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Profile: Jakob Elster (University of Oslo)
  1. Jakob Elster (2012). Scanlon on Permissibility and Double Effect. Journal of Moral Philosophy 9 (1):75-102.
    In his book Moral Dimensions. Permissibility, Meaning, Blame , T.M. Scanlon proposes a new account of permissibility, and argues, against the doctrine of double effect (DDE), that intentions do not matter for permissibility. I argue that Scanlon's account of permissibility as based on what the agent should have known at the time of action does not sufficiently take into account Scanlon's own emphasis on permissibility as a question for the deliberating agent. A proper account of permissibility, based on the agent's (...)
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  2. Jakob Elster (2011). How Outlandish Can Imaginary Cases Be? Journal of Applied Philosophy 28 (3):241-258.
    It is common in moral philosophy to test the validity of moral principles by proposing counter-examples in the form of cases where the application of the principle does not give the conclusion we intuitively find valid. These cases are often imaginary and sometimes rather ‘outlandish’, involving ray guns, non-existent creatures, etc. I discuss whether we can test moral principles with the help of outlandish cases, or if only realistic cases are admissible. I consider two types of argument against outlandish cases: (...)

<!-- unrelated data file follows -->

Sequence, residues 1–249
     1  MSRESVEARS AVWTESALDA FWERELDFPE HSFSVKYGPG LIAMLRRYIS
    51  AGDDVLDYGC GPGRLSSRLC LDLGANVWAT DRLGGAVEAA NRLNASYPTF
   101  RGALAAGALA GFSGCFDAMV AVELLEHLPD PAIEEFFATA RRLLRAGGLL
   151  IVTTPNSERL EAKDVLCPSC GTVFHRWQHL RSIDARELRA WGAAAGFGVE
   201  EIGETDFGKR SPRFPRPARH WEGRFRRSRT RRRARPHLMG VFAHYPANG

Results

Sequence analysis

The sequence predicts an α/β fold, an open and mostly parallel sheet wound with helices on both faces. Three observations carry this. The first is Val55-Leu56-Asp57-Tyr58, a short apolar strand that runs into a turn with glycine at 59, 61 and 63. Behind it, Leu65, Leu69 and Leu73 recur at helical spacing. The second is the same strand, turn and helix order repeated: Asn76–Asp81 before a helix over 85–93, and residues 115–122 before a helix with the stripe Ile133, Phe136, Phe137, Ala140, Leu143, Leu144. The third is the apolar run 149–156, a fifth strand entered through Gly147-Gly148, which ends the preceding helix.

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  3. Jakob Elster (2011). Procreative Beneficence – Cui Bono? Bioethics 25 (9):482-488.
    Recently, Julian Savulescu and Guy Kahane have defended the Principle of Procreative Beneficence (PB), according to which prospective parents ought to select children with the view that their future child has ‘the best chance of the best life’. I argue that the arguments Savulescu and Kahane adduce in favour of PB equally well support what I call the Principle of General Procreative Beneficence (GPB). GPB states that couples ought to select children in view of maximizing the overall expected value in (...)
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  4. Jakob Elster (2007). Wrongful Life, Suicide, and Euthanasia. Journal of Philosophical Research 32 (Supplement):273-282.
    “Wrongful life” claims are made by persons born with a disease to the effect that they should not have been born. I ask whether we can say that if someone claims that he would have been better off if he were not born, he would be better off if he died. I examine the relationship between the following propositions:(1) It would have been better for me if I were not born.(2) My life (as a whole) is not worth living.(3) It (...)
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